Spencer Crayton appeals from his conviction for three counts of armed robbery and sentence of twenty years on Count 1 and ten years each on Counts 2 and 3 to be served consecutively in a state penitentiary.
1. Appellant's first enumeration raising the general grounds is without merit. There was more than sufficient evidence to authorize the jury verdict.
2. Appellant contends that the trial court erred in failing to grant a mistrial to appellant, sua sponte, when the prosecutor urged his personal belief of defendant's guilt. We find this contention totally without merit.
The three women victims testified that they drove up to a motel after returning from South Carolina and that appellant and another black male met them at their car, identified themselves as motel employees, and carried the women's luggage to their room. Appellant told the women that he and his companion would return to check the room's television set and air conditioner. About thirty minutes later the men returned and after checking the air conditioning, appellant pulled a gun, said: "This is a stickup" and told them that he and his friend were "detectives looking for drugs." The women were forced to lie on the floor, tied up, and a blanket was thrown over them. The men proceeded to ransack the room and took property belonging to all three women. Appellant testified that he was a drug courier and that one of the women was his contact. He stated that he took two packets of drugs from her, but ran off instead of paying her. On cross examination, appellant refused to answer questions concerning the identity of his employers. The prosecutor then moved to strike appellant's testimony and the trial court stated that appellant refused to answer on the grounds that it may incriminate him. The prosecutor replied: "Well, I think he has already incriminated himself, your honor." The court ruled: "Go ahead." The prosecutor continued to question appellant without objection. We find no error in the trial court's ruling, but absent objection and motion for a mistrial, appellant may not raise the issue for the first time on appeal. Waters v. State, 237 Ga. 64 (226 SE2d 596) (1976)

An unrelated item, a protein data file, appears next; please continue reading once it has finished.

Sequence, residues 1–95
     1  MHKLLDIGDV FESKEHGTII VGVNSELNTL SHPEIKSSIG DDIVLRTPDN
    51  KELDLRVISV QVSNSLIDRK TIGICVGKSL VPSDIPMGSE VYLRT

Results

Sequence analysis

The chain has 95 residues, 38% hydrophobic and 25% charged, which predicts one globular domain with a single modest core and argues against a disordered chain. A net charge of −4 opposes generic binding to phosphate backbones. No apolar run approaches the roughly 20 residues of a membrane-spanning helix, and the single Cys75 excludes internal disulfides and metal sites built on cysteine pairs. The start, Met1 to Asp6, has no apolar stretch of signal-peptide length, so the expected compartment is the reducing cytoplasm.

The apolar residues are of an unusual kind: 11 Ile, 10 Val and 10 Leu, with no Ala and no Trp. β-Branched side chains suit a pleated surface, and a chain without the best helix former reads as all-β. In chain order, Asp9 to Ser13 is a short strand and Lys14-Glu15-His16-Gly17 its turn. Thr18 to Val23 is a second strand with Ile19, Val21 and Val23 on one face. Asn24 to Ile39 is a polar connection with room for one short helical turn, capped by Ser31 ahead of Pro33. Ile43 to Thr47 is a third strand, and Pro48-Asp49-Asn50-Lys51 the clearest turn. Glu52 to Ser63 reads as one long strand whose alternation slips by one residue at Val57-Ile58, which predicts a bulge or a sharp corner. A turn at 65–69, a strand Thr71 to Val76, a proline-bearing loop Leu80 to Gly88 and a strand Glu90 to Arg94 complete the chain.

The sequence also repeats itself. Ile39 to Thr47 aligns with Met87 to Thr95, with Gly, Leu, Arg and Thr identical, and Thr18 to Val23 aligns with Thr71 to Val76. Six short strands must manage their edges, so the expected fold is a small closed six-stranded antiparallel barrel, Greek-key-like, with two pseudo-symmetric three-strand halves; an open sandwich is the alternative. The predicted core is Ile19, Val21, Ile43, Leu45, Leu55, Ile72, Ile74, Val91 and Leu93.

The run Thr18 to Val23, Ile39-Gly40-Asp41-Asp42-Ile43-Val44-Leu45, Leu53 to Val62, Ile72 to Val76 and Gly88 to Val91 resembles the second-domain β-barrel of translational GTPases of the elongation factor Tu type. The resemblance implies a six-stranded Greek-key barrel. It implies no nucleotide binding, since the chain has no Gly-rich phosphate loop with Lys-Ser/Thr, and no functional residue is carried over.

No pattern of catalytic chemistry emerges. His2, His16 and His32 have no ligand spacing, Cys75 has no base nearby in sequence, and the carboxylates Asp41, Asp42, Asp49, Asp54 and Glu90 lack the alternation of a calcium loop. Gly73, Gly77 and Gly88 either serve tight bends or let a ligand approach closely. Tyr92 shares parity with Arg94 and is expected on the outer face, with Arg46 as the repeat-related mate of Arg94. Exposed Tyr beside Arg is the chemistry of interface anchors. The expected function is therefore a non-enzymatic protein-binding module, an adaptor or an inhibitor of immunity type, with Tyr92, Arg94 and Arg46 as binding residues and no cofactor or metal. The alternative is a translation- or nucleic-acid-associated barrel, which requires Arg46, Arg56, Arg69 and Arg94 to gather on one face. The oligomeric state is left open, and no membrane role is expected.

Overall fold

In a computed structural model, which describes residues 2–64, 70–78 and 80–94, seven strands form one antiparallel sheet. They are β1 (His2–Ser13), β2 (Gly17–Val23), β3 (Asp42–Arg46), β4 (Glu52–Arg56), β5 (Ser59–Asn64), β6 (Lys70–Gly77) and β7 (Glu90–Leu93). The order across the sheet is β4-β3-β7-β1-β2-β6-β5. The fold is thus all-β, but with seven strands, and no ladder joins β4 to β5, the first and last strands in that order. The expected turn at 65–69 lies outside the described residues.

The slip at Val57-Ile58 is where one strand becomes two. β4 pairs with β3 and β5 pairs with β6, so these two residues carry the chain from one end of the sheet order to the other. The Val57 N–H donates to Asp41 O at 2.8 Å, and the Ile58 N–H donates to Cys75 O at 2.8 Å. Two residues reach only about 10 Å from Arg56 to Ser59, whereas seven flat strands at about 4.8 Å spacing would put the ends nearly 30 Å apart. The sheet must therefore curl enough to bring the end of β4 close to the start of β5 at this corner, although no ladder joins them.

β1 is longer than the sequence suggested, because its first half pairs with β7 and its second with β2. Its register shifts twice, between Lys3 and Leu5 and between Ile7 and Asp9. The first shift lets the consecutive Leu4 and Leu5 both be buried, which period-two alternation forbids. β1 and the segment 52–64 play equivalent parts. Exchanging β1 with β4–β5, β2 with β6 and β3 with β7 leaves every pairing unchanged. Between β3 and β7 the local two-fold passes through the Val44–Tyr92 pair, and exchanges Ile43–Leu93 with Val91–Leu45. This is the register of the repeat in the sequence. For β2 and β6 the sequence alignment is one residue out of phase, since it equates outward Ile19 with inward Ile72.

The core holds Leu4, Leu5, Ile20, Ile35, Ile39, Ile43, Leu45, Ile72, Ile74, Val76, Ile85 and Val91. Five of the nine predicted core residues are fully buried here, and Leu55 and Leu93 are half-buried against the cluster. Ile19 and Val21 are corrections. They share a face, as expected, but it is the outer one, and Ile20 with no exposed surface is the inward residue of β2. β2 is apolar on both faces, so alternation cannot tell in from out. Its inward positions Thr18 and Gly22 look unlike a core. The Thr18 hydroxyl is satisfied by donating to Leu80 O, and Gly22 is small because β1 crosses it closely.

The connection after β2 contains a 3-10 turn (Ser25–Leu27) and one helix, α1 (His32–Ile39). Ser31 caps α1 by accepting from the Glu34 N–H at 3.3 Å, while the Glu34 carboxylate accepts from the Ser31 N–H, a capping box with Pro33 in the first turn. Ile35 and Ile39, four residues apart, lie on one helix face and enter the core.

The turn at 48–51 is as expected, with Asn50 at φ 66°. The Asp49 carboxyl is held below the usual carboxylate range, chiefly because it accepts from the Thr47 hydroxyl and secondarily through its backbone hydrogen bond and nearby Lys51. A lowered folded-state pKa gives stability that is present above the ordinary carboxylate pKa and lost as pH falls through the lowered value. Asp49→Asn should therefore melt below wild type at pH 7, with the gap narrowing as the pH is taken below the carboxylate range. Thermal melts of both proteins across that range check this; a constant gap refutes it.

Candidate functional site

3. Appellant also alleges that the trial court erred in failing to grant, sua sponte, a mistrial during the state's closing argument because the prosecutor commented on the failure of defense counsel to make an opening statement. This enumeration is without merit. Ingram v. State, 134 Ga. App. 935 (216 SE2d 608) (1975)
Lewis R. Slaton, District Attorney, Joseph J. Drolet, Wallace J. Speed, Donald J. Stein, Assistant District Attorneys, for appellee.